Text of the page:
cbd university research

December 15, 2021 By admin Off

Dr de la Vega said, “CBD has been promoted as a medical holy grail that supposedly can cure a vast array of conditions including anxiety, depression, inflammation, cancer and acne. Because of this, we wanted to reveal what CBD was actually doing in the cells of our skin, and use that to inform the potential use of CBD for skin conditions.

Cannabidiol (CBD) is a natural non-psychotropic cannabinoid with known antioxidant and anti-inflammatory effects that has become much-hyped as a potential cure for an extensive range of diseases.

A University of Dundee study has shown for the first time why cannabidiol is effective in treating skin conditions, paving the way for research into its potential as a therapy for other diseases, including cancer.

“Our findings were very exciting, as they connected CBD with this well-known protective pathway,” continued Dr de la Vega. “This would explain some of the claimed benefits of CBD in skin. Furthermore, the target identified is very relevant not only in skin conditions, but also, in lung and breast cancer.

Now a team led by Dr Laureano de la Vega in Dundee’s School of Medicine have identified the molecular target of cannabidiol in skin cells. This discovery helps explain some of its beneficial effects and could better identify which conditions CBD might be useful to treat.

Although the clinical benefits of CBD have been proven, the molecular mechanisms and targets responsible for these effects have until now remained a mystery to scientists.

CBD has been tested in clinical trials for the treatment of Multiple Sclerosis, Parkinson’s and Huntington’s disease and is gaining momentum as a treatment for skin disorders. It is already being used to treat seizures associated with two severe forms of epilepsy and has also been hailed as a possible cancer therapy.

“Despite proven anti-inflammatory, anti-oxidative, and neuroprotective effects and the multi-billion dollar industry of CBD-based products, its mechanism of action was not known and its general use lacked a scientific rationale.

“We, for the first time, have identified one of its mechanisms of action that can explain some of its beneficial effects in the skin. Now, with this information there is a basis to its use in cream-based products. Importantly, although CBD-based creams might be beneficial against some skin conditions, such as Epidermolysis Bullosa Simplex or to delay skin aging, our study also shows that CBD should be used with precaution in hyperproliferative skin disorders, such as psoriasis.”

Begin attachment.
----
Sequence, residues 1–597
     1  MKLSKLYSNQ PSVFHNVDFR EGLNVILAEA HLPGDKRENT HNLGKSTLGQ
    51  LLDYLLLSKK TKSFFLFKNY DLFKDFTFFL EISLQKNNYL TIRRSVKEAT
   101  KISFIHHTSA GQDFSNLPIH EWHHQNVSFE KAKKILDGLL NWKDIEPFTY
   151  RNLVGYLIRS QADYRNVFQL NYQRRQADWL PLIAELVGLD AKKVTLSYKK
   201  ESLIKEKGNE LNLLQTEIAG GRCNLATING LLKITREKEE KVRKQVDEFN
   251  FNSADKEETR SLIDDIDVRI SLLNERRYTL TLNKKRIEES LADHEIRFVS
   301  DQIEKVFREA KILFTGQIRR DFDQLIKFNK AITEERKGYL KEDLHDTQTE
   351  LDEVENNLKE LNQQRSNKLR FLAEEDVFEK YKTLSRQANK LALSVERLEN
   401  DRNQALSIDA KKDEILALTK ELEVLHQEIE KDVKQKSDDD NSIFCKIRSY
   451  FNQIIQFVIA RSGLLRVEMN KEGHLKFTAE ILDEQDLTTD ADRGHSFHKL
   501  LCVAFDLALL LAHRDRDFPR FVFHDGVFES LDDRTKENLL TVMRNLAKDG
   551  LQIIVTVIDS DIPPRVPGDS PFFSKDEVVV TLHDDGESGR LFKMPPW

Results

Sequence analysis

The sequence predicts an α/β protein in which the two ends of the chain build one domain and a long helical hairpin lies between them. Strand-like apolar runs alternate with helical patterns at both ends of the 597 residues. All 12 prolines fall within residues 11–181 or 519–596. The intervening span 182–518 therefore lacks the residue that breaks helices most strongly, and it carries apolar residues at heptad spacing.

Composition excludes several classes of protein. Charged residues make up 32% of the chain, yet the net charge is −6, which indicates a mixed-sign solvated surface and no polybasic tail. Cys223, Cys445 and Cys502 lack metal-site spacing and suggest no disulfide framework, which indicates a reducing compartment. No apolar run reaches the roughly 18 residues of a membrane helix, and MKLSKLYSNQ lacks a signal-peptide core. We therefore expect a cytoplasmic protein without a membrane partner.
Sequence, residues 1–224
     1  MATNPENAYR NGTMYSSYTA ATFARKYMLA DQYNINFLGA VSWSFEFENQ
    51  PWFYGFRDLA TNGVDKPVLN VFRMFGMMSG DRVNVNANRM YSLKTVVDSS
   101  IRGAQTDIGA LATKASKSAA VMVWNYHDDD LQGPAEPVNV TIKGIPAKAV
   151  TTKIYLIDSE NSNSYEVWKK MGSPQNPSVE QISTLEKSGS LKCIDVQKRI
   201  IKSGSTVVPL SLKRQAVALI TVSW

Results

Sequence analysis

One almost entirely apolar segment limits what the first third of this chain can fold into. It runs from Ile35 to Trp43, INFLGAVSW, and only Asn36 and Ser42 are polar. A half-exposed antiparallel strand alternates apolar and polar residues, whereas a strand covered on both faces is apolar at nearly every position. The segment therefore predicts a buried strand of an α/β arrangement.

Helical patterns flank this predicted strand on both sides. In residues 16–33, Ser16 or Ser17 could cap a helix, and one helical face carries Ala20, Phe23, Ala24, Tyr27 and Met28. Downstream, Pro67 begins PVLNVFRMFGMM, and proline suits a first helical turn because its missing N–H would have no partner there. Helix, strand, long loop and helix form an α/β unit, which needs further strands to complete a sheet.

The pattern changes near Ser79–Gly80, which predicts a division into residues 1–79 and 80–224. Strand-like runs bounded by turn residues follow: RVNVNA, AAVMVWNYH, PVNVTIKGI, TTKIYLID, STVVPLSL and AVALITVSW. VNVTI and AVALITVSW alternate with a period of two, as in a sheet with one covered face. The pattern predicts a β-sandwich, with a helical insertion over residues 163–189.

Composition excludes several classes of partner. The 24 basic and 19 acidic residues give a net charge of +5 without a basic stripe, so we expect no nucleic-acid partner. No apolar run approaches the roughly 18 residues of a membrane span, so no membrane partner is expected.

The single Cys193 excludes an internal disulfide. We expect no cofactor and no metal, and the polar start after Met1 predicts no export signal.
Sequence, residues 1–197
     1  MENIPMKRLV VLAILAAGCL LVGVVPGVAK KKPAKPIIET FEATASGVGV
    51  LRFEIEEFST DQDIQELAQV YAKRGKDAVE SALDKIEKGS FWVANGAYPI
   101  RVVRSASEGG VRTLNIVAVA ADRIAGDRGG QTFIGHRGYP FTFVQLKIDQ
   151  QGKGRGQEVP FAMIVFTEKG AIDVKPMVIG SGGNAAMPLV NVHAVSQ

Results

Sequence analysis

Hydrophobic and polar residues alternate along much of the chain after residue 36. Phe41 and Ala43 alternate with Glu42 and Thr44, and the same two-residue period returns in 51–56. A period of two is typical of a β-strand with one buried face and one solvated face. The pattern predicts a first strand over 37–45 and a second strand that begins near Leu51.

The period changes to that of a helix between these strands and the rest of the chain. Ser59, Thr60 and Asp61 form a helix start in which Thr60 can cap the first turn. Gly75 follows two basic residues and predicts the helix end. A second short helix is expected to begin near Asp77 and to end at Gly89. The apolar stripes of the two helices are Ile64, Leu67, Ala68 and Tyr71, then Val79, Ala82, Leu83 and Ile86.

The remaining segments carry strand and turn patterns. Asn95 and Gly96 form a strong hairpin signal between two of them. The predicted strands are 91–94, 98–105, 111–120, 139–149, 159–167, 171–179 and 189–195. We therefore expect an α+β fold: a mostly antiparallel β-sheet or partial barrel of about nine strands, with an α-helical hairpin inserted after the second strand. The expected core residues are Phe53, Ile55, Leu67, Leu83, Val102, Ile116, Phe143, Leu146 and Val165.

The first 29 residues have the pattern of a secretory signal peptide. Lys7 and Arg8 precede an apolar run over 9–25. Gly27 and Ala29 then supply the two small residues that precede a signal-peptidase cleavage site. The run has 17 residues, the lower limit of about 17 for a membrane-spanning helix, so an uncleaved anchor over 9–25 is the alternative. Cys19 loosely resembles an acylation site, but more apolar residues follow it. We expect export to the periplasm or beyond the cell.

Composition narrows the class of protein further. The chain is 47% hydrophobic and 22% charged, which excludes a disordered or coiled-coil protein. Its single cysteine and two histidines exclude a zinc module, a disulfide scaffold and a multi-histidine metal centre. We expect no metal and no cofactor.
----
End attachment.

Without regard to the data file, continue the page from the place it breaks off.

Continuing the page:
Dr de la Vega and his colleagues showed that CBD targets a protein called BACH1 in skin cells. As BACH1 regulates the expression of antioxidant and anti-inflammatory genes, this new mechanism could help rationalise the potential use of CBD in some skin disorders associated to high levels of inflammation. Importantly, as BACH1 has emerged as a therapeutic target for lung and breast cancer, the study raises the possibility of new research focused on the potential use of CBD as a cancer treatment.

“Therefore, our research opens the door for future cancer research based on the potential use of CBD, or CBD derivatives, as cancer therapeutics. This does not mean that CBD will cure cancer, it just mean that now we have a rationale to investigate its potential in cancer research.”

The research, carried out in collaboration with Professor Eduardo Munoz of the University of Cordoba in Spain, is published in the latest edition of the journal Redox Biology .

De Vita and Maisto used sophisticated equipment that safely induces experimental heat pain, allowing them to measure how the recipient’s nervous system reacts and responds to it.

“The data is exciting but pretty complex in that different pain measures responded differently to the drug effect, to the expectancy, or both the drug and expectancy combined — so we’re still trying to figure out what is behind the differential data with different kinds of pain measures,” said Maisto. “The next step is studying the mechanisms underlying these findings and figuring out why giving instructions or CBD itself causes certain reactions to a pain stimulus.”

Syracuse University Emeritus Psychology Professor Stephen Maisto is a coauthor of the CBD pain relief study. Credit: Syracuse University.

It’s been hailed as a wonder drug and it’s certainly creating wonder profits. By some estimates, the Cannabidiol (or CBD) market could be worth $20 billion dollars by 2024. While users tout its effectiveness in pain relief, up until now there’s been limited experimental human research on the actual effectiveness of the drug. However, a new study led by researchers at Syracuse University sheds light on the ability of CBD to reduce pain along with the impact that the so-called placebo effect may have on pain outcomes.